With shades of other contemporary Thrash bands like ARTILLERY, and other aforementioned bands, NARCOTIC GREED packs in lot of meat in both parts of this reissue and impresses in parts; mostly with the guitar work. This reissue is a good way for some old school connoisseurs of thrash to revisit past times. And if that is something that they’re interested in, then they should really consider buying this rare gem as this is surely a classic of the era it came out in; and the fact that this is from Japan makes it even cooler.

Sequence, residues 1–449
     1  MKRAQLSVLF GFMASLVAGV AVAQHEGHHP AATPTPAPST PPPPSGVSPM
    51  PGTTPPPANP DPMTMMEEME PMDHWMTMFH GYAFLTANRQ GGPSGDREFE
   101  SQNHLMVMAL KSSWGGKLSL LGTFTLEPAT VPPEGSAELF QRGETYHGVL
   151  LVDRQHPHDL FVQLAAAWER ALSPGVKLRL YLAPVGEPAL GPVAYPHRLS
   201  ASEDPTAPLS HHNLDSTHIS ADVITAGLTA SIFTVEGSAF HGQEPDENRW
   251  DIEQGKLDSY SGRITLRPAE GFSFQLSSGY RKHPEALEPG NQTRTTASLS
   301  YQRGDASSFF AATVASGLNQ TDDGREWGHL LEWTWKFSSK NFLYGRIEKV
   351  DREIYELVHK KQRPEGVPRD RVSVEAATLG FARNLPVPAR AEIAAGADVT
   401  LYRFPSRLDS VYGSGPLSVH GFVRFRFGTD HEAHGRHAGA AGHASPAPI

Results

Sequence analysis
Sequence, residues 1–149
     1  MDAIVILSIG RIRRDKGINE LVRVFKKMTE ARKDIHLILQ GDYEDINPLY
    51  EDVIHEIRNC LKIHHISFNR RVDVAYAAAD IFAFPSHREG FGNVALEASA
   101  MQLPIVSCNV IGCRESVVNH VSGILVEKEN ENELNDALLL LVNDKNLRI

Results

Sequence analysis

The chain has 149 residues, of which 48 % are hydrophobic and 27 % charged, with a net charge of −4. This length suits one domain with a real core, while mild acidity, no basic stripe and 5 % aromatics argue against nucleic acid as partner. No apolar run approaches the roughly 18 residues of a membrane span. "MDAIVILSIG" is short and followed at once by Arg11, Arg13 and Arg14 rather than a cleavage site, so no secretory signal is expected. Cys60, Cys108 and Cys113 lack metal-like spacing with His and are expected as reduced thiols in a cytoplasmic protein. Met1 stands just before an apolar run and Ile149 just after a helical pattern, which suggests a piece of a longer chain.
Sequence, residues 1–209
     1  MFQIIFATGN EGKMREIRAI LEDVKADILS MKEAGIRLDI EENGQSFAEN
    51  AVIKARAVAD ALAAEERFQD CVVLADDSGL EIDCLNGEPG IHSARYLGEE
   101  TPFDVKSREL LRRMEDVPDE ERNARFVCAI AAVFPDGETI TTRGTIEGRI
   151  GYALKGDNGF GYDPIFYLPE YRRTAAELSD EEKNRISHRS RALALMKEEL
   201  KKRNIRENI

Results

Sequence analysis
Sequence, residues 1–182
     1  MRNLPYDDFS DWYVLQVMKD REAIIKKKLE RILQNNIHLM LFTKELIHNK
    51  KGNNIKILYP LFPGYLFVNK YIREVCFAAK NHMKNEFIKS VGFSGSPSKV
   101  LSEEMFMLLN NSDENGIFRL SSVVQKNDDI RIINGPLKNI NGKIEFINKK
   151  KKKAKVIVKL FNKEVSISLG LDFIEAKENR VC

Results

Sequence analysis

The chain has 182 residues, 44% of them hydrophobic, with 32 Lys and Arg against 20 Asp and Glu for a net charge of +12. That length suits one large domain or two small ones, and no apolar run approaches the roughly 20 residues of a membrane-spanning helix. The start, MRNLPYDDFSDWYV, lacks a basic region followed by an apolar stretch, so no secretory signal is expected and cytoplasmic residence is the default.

Songwriting: 5
Originality: 6
Memorability: 6
Production: 6

3 Star Rating

Tracklist:
  1. As The World Is Burnt
  2. Greed
  3. Scanning Power
  4. Lost Power
  5. Injector II
  6. Disruption
  7. Future Kill
  8. Partial Existence
  9. As The World Is Burnt (Demo)
  10. Partial Existence (Demo)
  11. Obsessed Mind (Demo)
  12. Greed (Demo)
  13. Immortal Germ (Demo)
  14. Who's Your God (Demo)
  15. Lost Power_Crisis Of Ruin (Demo)
  16. Absurd War (Demo)
Lineup:
Hiroshi “Warzy” Yamashita – Guitars
Ryouji “Dan” Azuma  - Vocals
Mitsunori “Swan” Suwa – Bass
Hiroki “Hunter” Kawada - Drums
Record Label: Divebomb Records